We are, therefore, disposed to call this defect an irregularity and we think that the court hasthe power to allow the party to cure this defectat any stage of the case. As pointed out in AIR1946 Bom 174 (F) Section 99 of the Civil P. C. makesa distinction between an error, defect or irregularity which affects the merits of the case or thejurisdiction of the court and an error, defect orirregularity which does not affect the meritsof the case or the jurisdiction of the court. Thissection no doubt applies to appeals and providesthat no decree shall be reversed or substantially varied, nor shall any case be remanded, in appeal if the error, defect or irregularity does notaffect the merits of the case or the jurisdictionof the court.

It does not in terms refer to an error arising out of an improper presentation of a plaint, appeal or application; nor does it give any power to the trial court. But it certainly points out the scheme of the Code and it may be used as a guide to determine what kind of error or irregularity should be considered material or otherwise. If the framers of the Code thought that the defect in the presentation of a plaint, appeal or application should be considered as fatal, they could expressly say so.

In the absence of any such prohibition in the Code we consider that it is within the inherent powers of the court to allow a party to cure such a defect.

8. Coming to the specific case of an application in execution it may be pointed out that the scheme of the Civil Procedure Code appears to be still more liberal because Order 21, Rule 11 says that an application for execution of a decree may be signed not only by the applicant, i.e., a decree-holder but even by some other person proved to the satisfaction of the court to be acquainted with the facts of the case. Similarly Order 21 Rule 17 provides that if the court finds that the requirements of Rules 11 to 14 as may be applicable to the case have not been complied with, the court may either reject the application or allow the defect to be remedied then and there or within a time fixed by it.

It further provides that if an application is amended under the provisions of Sub-rule (1), the application, would be deemed to have been made in accordance with law and presented on the date when it was first presented. Learned counsel for appellant has urged before us that this rule does not empower the court to allow the decree-holder to cure the defect arising out of improper presentation of the application. It is true that this rule does not refer to the powers of the court to allow a decree-holder to cure the defect of wrong presentation. But we have referred to it to show that the court has got the power to allow a decree-holder to remedy even graver defects.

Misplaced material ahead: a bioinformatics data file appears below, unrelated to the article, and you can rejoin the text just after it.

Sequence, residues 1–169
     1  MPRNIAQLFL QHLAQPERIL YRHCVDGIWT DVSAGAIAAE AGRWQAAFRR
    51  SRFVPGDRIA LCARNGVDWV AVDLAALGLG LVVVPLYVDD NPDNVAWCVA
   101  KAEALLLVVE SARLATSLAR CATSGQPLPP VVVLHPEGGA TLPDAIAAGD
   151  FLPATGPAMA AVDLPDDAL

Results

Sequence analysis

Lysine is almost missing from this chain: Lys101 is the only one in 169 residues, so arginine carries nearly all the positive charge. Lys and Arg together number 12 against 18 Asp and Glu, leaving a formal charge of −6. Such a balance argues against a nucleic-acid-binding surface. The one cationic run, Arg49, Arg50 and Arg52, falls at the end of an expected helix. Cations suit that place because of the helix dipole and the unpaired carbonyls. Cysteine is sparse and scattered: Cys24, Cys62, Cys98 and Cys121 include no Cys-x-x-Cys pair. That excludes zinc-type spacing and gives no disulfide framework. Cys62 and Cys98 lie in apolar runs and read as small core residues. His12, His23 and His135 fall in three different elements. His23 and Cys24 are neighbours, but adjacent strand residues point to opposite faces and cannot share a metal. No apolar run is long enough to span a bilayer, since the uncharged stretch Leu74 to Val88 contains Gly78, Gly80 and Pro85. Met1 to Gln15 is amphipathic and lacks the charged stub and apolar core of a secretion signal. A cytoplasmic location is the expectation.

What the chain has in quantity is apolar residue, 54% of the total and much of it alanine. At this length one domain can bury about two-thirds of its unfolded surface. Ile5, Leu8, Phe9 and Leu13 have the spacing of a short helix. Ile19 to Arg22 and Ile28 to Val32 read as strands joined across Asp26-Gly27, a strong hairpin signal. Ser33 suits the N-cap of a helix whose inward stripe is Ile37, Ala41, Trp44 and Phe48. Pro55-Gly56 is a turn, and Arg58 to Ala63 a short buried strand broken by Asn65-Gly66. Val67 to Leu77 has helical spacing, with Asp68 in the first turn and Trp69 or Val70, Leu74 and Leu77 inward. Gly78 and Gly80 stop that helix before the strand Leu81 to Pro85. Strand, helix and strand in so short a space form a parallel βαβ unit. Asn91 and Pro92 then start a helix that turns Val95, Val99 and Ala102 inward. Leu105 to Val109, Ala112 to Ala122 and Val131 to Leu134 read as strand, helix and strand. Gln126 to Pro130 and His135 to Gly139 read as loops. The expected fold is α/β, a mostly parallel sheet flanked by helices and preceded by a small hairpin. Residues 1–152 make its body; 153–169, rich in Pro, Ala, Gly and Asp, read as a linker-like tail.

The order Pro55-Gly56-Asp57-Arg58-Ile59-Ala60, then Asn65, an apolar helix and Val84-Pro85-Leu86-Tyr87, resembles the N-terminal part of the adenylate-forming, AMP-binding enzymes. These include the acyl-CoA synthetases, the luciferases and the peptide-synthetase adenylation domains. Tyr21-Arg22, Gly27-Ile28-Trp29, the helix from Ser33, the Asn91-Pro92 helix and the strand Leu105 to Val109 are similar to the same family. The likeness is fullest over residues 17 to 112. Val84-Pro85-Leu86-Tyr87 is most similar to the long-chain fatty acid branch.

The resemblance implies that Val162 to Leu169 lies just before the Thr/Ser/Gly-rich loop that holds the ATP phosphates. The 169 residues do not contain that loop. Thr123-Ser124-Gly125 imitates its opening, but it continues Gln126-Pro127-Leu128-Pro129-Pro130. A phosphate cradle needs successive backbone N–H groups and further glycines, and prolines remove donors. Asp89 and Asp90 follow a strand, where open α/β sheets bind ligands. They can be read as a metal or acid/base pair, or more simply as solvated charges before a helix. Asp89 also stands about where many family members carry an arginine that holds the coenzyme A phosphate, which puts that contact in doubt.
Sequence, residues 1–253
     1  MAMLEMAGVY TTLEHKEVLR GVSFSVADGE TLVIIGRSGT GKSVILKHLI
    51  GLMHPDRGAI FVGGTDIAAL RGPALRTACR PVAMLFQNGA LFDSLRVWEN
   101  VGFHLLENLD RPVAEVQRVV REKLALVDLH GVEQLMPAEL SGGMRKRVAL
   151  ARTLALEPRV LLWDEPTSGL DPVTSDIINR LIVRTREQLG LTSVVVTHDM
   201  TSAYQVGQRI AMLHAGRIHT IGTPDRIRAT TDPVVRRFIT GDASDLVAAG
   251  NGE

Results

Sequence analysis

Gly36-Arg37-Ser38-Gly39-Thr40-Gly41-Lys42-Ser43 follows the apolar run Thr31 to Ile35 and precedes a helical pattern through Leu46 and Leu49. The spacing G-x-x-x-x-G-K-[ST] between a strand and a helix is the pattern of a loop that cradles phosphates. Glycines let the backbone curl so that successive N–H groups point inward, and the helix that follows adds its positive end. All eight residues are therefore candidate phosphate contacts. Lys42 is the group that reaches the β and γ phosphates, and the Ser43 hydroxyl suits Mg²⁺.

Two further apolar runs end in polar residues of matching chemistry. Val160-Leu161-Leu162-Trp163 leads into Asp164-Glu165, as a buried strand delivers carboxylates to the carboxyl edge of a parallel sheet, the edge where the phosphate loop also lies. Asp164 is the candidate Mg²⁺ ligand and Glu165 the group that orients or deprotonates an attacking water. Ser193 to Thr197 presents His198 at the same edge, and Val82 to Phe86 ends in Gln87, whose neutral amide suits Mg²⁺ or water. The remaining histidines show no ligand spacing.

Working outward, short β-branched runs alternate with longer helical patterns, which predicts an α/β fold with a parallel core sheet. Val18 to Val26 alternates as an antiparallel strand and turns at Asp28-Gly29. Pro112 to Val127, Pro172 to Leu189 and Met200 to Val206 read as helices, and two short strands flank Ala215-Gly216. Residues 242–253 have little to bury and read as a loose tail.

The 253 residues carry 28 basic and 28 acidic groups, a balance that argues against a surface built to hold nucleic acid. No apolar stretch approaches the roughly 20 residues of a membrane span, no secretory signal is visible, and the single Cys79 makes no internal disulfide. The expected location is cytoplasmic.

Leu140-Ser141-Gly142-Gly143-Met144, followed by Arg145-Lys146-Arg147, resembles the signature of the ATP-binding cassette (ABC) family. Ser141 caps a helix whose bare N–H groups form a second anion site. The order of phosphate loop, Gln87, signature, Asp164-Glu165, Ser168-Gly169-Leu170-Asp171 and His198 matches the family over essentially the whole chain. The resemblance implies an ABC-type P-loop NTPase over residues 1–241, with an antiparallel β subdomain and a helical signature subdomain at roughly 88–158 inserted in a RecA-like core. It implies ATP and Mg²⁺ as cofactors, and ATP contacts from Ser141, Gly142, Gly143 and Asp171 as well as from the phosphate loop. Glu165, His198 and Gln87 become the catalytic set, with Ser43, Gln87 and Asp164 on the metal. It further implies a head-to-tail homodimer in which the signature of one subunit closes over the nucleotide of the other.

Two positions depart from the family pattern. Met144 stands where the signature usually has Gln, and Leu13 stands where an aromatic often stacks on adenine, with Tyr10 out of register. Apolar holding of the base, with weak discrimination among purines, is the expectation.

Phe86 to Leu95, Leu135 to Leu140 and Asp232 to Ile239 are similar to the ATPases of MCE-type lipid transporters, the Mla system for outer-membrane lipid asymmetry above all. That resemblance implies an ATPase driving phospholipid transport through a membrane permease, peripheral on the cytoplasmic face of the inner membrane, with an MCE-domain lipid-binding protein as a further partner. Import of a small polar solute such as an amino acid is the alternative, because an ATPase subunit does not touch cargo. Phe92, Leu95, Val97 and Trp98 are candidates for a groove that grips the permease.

It need hardly be stressed that if a decree-holder does not present an application so as to comply with the requirements of Rules 11 to 14 his application may be considered not made in accordance with law and his case is likely to founder on one of the defects. When the law allows a court to permit a party to cure even such defects which are likely to prejudice the case of the opposite party on merits, it follows as a corollary that the law contemplatesthat the court can allow minor defects to be cured. As we have already stated above, the defect about presentation of an application in execution is minor one in comparison to the defects which would affect the case on merits. We, therefore, think that the defect in presentation does not make the application a nullity; nor can it be called an illegality. It is only an irregularity which can be allowed to be remedied by the court and when it is removed it should be taken that the execution application was validly presented on the date on which it was originally brought before the court.

9. This does not, however, mean that the decree-holder would be able to remedy the defect as a matter of right. The removal of such a defect would be in the discretion of the court and the court would exercise such a discretion only when it finds that the error has been committed on account of a bona fide mistake and not because of gross negligence on the part of the party or his pleader or any other agent.

10. We, therefore, answer the question as follows:

In a case where an application for execution is admitted and registered by the executing court and which is proper in other respects but which is defective in its presentation on account of the absence of the signature of the decree-holder on the vakalatnama of the vakil presenting the application, the application is not altogether a nullity; nor can the defects be called an illegality which must be necessarily fatal to the case. It would be an irregularity which may be allowed to be cured by the court but only in those cases where it finds that the mistake has been committed bona fide and where the party has not committed gross negligence. The party will not have the power to correct the error as of right but it may be remedied if the court allows it to be cured after exercising proper judicial discretion.

11. The case will be sent back to theSingle Bench to be decided in the light of theabove observations.